Dakota Access Pipeline opponents are hunkering down for another round of protests and possible violent skirmishes with private security teams hired by the company behind the pipeline.
Hundreds of protesters arrived this weekend at ramshackle campsites along the route of the North Dakota pipeline. Protests along the DAPL route have increased in recent days leading up to President Donald Trump’s inauguration — demonstrations at the line on Jan. 19 led to 21 arrests.
“There’s a lot coming down for the camp these next few days,” said Chase IronEyes, a member of the Standing Rock Sioux tribe, the American Indian tribe opposed to the multi-state pipeline. “This is a call out for self-sufficient, able-bodied, mobile protectors to come join the front line.”
Standing Rock and and environmentalists believe the line’s construction would trample on tribal lands and potentially poison waterways, including rivers such as the Missouri River and Lake Oahe.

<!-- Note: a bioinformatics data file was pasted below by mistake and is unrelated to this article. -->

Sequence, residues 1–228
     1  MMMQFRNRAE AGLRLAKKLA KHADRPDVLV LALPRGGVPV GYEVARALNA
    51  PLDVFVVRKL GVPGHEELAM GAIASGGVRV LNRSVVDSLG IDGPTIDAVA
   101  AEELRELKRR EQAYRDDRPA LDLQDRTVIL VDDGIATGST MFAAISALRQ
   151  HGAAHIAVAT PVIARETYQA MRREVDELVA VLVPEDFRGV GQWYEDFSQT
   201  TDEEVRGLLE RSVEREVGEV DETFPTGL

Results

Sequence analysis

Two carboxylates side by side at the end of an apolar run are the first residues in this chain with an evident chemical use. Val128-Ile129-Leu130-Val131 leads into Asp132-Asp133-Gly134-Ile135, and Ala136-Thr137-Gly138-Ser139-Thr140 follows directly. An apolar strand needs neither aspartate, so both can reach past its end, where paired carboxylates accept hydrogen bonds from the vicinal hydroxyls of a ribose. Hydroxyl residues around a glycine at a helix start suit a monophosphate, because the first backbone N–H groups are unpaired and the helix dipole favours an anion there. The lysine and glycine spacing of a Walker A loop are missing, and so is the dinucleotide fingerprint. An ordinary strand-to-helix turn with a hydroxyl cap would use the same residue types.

Many of those still remain at the camp despite the tribe imploring them to leave areas near its reservation. Standing Rock told protesters the Obama administration’s December decision to reject the line makes the campsites unnecessary at this point.
But DAPL opponents are feeling the pressure as reports show Trump will sign executive orders Tuesday approving both the Keystone XL and Dakota Access pipelines, both of which were blocked by the Obama administration.
The ad-mixture of opponent angst, Trump’s executive order, and private security forces hired by Energy Transfer Partners, the company behind the pipeline, could add a layer of uncertainty and danger to the project’s construction.
“We really just try to stop [protesters] from disrupting work,” said James Reese, the chief executive of TigerSwan, the private security firm hired by ETP. “This is the new normal.”
More than 600 protesters have been arrested since August 10, mostly for trespassing and other skirmishes.
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